2014 Highlights

Posted by youngdevon on January 18, 2015

Young Devon/Devon News

Young Devon have partnered up with the Asking the Right Questions project to give young people the opportunity to speak up about their experiences of depression, as well as the experiences of their friends, families and carers. The aim of the project is to increase the amount of research done into depression to make diagnosis, treatment and eventually prevention easier and more widely available to everyone.

Mental health, compared to physical health, is relatively under-developed in terms of our understanding about what causes people to have depression, and other mental health problems. The idea is, if we know what causes depression, we can start to create therapies to help people who have it. Simple right? That is why projects like these need YOUR help. Follow the link below to help the research guys out and give some insight into your experiences of depression.


Don’t forget, if you think you are suffering from depression, visit our ‘What is mental health?’ tab for more information.

Mental Health - What's happening?

On Friday 10th October – World Mental Health day was celebrated. It is an annual global event that occurs with the aim of raising awareness of mental health problems. The specific theme of this year’s mental health day was Schizophrenia. This is a mental health problem suffered by people who have severely disrupted beliefs and experiences of the world. Schizophrenia usually starts in the late teens and around 1 in every 100 people have it. Think about how big your school is, the likelihood is, at least 1 person in each year group will experience schizophrenic symptoms in their late teens or early 20’s.

Schizophrenia is often misunderstood by people, some believe it is split-personality disorder, and some people believe having schizophrenia just makes you down right crazy. None of this is true. Schizophrenia is a mental health problem just like any other. People with schizophrenia may have periods of time where they lose touch with reality like they are in a dream, see or hear things that are not there and act somewhat differently because they are seeing the world differently to other people. It is important to help break the stigma of schizophrenia by informing your friends and family about what schizophrenia actually is. However most importantly, if you think you or someone you know is suffering from schizophrenia or another mental health problem – talk to someone about it. Visit our ‘Contact and Useful Links’ tab for signposts of where to go for advice and help.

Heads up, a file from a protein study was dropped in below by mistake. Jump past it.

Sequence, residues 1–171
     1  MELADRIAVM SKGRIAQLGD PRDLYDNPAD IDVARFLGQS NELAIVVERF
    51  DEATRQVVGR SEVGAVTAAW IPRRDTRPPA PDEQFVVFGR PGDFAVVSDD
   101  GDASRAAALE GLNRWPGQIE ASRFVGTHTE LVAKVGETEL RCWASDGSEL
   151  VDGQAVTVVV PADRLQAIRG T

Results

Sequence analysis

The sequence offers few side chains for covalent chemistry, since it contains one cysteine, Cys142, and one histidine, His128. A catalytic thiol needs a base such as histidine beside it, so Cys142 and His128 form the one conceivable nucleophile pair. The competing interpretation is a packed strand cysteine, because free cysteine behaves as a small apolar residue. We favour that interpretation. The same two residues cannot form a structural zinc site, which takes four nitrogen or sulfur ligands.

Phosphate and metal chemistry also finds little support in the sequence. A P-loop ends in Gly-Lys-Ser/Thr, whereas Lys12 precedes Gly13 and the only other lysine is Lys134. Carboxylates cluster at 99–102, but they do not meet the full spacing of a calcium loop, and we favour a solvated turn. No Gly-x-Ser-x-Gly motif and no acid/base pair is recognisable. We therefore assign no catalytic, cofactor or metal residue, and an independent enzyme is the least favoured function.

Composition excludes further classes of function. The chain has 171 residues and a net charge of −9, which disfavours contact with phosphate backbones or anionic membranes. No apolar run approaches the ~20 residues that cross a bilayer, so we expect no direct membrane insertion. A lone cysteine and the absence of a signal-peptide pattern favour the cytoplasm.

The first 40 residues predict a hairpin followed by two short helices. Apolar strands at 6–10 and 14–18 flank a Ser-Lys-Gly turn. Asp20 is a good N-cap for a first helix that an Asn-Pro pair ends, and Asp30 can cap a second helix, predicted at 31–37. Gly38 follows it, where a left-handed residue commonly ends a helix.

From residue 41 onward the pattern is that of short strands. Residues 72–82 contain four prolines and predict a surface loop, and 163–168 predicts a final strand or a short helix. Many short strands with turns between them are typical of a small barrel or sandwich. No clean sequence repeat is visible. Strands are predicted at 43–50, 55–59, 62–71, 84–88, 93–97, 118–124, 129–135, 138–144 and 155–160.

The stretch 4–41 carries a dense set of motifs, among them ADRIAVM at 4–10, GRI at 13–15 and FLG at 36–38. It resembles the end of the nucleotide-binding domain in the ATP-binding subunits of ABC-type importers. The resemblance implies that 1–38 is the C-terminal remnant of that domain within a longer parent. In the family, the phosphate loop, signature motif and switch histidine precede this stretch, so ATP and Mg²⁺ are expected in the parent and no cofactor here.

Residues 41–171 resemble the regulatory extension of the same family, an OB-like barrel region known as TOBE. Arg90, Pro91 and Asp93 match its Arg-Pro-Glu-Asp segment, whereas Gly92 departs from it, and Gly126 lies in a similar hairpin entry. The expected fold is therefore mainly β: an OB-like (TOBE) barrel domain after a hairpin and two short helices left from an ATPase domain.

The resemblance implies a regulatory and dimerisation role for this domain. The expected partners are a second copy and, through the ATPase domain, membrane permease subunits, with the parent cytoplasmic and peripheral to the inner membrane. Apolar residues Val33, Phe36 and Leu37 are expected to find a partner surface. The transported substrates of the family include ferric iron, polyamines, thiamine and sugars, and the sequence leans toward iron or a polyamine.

Finding of the Year

In a piece of research published by Kohler in September 2014 findings have showed that having good physical health including hoovering, bowling, playing sport increase the likelihood of someone responding well to treatment. The research was carried out on 180 patients suffering from depression who were receiving therapy. The research showed that the more active you are and the more time spent on every day activities, the more likely you are to have positive responses to therapy. If you want to find out about treatment options for depression, look at the ‘Depression’ tab on our ‘What is Mental Health’ page and have a look at our top tips!